OTTAWA (Reuters) – Canada’s Supreme Court on Friday ruled in favor of a driver in a gig economy case that paves the way for a class action suit calling for Uber Technologies Inc (UBER.N) to recognize drivers in Canada as company employees.
FILE PHOTO: A screen displays the company logo for Uber Technologies Inc. on the day of it’s IPO at the New York Stock Exchange (NYSE) in New York, U.S., May 10, 2019. REUTERS/Brendan McDermid
UberEats driver David Heller had filed a class action suit, challenged by Uber, aiming to secure a minimum wage, vacation pay and other benefits like overtime pay. Drivers are now classified as independent contractors and do not have such benefits.
The ride-hailing company’s contract allows arbitration, but not class-action lawsuits. Heller’s attorney said the decision allowing him to sue was important, but only a small first step in a case that will probably take years to litigate.
Two days ago, California said it plans to ask a state court judge to force Uber and Lyft Inc (LYFT.O) to classify their ride-hail drivers as employees rather than contractors.
Canada’s 8-1 Supreme Court ruling dismisses an Uber appeal to an Ontario high court ruling that said the Uber’s arbitration clause violates provincial labor rules and is “invalid and unenforceable.”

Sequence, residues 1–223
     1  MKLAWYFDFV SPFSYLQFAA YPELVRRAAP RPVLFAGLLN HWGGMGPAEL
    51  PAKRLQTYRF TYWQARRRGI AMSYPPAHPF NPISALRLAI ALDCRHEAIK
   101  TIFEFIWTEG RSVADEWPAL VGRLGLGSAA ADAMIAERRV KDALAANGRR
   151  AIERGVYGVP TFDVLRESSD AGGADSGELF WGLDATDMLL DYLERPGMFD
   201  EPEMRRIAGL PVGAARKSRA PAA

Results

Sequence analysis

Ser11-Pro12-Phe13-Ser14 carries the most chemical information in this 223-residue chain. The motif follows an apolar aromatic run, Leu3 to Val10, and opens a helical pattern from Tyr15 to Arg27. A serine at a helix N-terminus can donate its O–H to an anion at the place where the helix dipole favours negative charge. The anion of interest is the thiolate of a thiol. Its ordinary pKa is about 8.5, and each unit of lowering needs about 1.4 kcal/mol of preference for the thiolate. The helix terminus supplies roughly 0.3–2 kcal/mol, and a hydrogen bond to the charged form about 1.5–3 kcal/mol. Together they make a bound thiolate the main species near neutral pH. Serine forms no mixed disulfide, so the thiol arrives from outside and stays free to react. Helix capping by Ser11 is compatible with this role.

The arbitration process, which must be conducted in the Netherlands where Uber has its international headquarters, costs about C$19,000 ($14,500). Heller earned between C$21,000 and C$31,000 per year.
“This was an access to justice case,” said Michael Wright, one of Heller’s lawyers. The court essentially ruled that “a stronger party was taking advantage of a weaker party in an unfair manner,” said Wright.
Uber had no immediate comment.
“The arbitration clause is improvident because the arbitration process requires US$14,500 in up-front administrative fees,” the top court said.
Now Heller can restart his class action suit, Wright said, but the matter will not be settled soon.
“This is the first round in a series of rounds,” said Wright, a labor and employment lawyer with Wright Henry LLP in Toronto, adding that it could take “a few more years.”
Reporting by Steve Scherer, additional reporting by Moira Warburton; Editing by Chizu Nomiyama and David Gregorio